Saturday, February 21, 2009

Respect your extension methods

One of the nice things in C# 3.0 is extension methods. I won't go into details about it but would like to focus on the hazards when actually writing beyond the plain examples.
However, I will use a plain example myself since I don't want you to fall asleep.

Since the method binding is done at compile time, you will get a different behavior depending on the assigned type.

Suppose we have 2 (plain) objects:

public class BaseObject
{ }
public class DerivedObject : BaseObject
{ }

Now for the extension method:

public static class ObjectExtensions
public static void ExtensionMethod(this BaseObject obj)
Console.WriteLine("In BaseObject extension version");

The Main method is very simple:

static void Main(string[] args)
BaseObject baseObj = new BaseObject();
DerivedObject derObj = new DerivedObject();

I've declared 2 objects and when I run this sample I get:
In BaseObject extension version
In BaseObject extension version

So far so good; 2 object, 1 extension and 1 expected result for both calls.
Remember the compile time binding thing? Lets add the another version for the extension method. It goes like:

public static void ExtensionMethod(this DerivedObject obj)
Console.WriteLine("In DerivedObject extension version");

Now, when running this sample again, I get:
In BaseObject extension version
In DerivedObject extension version

"Is he ever going to get to the point?"
Well, the point is this: add these 3 lines to the main method and see what happens.
BaseObject[] arrOfObj = { baseObj, derObj };

We are back to BaseExtension for both new calls even though one of them is a derived type.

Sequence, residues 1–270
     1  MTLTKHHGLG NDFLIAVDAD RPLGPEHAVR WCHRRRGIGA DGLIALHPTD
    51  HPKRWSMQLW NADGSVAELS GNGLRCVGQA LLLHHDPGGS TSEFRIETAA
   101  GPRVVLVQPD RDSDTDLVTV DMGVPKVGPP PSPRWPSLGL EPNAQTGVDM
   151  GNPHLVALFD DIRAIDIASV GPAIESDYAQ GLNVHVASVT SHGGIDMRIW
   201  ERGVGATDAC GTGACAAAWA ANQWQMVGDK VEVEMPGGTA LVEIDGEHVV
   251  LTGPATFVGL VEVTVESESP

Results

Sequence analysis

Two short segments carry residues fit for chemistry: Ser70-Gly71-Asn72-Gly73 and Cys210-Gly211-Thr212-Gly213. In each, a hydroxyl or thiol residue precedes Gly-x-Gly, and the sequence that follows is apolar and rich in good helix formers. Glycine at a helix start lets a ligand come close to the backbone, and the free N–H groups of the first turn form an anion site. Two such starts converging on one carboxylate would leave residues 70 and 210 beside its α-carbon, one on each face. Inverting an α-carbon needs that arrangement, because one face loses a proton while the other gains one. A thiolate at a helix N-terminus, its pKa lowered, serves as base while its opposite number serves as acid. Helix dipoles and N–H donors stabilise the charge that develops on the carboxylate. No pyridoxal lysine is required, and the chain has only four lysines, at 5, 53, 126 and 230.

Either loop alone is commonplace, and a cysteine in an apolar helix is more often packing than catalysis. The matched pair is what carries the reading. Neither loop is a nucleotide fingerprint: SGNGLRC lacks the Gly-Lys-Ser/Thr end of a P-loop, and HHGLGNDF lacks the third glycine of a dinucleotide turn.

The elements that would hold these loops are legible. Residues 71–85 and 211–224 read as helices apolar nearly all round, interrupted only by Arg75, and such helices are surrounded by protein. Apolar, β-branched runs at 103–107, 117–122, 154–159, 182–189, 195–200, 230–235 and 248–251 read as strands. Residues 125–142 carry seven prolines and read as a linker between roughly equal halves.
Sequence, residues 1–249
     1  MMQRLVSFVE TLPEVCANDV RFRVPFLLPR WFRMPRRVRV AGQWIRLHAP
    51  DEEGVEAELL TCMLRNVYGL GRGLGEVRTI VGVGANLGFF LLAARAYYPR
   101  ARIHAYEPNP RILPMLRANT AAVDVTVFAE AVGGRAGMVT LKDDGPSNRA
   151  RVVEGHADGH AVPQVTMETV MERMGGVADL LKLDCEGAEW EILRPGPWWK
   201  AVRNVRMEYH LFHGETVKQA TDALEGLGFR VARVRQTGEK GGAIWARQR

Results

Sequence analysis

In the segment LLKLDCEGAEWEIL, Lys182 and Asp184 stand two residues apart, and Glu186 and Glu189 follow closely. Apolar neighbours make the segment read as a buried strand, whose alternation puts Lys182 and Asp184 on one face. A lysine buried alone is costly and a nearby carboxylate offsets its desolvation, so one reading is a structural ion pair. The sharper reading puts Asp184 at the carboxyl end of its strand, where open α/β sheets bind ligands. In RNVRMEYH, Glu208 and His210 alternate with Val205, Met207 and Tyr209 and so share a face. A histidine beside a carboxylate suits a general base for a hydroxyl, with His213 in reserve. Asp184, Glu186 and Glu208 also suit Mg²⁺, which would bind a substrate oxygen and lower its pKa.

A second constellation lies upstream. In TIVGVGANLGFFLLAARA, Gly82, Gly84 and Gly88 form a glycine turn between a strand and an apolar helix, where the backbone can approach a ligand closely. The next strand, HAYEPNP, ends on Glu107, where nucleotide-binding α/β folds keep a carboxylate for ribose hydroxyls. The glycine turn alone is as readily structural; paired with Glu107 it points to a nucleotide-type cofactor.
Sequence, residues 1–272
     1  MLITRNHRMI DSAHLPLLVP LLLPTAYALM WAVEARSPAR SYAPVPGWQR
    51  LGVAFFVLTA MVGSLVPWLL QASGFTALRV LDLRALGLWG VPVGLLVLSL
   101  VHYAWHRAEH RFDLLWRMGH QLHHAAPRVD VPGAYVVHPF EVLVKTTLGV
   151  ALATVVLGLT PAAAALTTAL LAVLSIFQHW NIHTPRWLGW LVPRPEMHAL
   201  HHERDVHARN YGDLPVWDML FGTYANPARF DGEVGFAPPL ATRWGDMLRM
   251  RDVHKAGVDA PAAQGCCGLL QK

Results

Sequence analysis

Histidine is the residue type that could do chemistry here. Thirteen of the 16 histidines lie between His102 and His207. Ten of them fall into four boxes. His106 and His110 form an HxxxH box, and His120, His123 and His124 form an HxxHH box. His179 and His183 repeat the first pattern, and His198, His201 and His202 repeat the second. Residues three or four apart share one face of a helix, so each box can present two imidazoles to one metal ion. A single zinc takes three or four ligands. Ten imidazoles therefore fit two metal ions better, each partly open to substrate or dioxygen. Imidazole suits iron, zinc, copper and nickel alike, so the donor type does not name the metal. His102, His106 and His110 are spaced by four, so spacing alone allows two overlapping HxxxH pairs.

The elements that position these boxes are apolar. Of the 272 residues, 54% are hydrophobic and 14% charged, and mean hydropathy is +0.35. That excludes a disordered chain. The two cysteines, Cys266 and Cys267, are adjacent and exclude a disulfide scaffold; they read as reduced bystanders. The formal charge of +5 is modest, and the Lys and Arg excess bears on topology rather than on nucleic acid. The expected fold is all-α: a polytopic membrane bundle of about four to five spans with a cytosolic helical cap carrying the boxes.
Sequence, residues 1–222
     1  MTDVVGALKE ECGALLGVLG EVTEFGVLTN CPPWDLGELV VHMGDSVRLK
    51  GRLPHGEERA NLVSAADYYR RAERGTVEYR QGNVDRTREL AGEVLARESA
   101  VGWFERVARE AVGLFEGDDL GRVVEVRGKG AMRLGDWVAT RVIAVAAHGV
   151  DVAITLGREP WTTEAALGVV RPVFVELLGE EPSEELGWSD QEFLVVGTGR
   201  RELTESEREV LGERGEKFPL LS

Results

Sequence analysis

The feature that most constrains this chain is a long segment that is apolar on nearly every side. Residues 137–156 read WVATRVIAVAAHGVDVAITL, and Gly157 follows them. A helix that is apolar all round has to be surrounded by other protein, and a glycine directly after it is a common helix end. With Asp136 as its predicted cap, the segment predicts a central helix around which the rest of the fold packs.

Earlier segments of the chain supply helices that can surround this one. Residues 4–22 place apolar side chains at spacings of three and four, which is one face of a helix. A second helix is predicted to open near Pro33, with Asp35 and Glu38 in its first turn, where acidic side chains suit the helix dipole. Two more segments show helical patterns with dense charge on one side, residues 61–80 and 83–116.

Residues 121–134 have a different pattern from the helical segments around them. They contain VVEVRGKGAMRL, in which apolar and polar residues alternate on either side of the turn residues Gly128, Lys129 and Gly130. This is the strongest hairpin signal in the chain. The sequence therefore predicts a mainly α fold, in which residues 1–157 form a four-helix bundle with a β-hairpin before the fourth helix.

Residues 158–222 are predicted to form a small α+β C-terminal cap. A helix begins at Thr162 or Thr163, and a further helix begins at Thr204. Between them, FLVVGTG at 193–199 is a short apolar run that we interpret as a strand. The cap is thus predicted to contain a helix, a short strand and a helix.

The danger is obvious. It is very easy to keep your gourds down and write some buggy lines of code that will make you bold trying to figure out what the heck went wrong.
Of course, there are other words of caution in this subject:

When it comes to your extension method versus the original object version, yours will always loose. The extended version will never be called.
"Why the heck would you extend a method that already exists?"
Well, the first option is that it didn't exist at the time and was added to the object at a later point of .net life. You know, great minds think alike.
The second option is that I tried to override the original behavior. No treats for me in both poor scenarios!

"Well, am I at list entitled to access some private fields of the extended object?"
Hmm, no! You see, extension method is just a way to call a static method from the instantiated object.

You will find many great examples on how to do nifty things with extensions.
My advice is to avoid it if you can inherit and add it in the derived object. In case you can't or don't have access to the code then use it with care.

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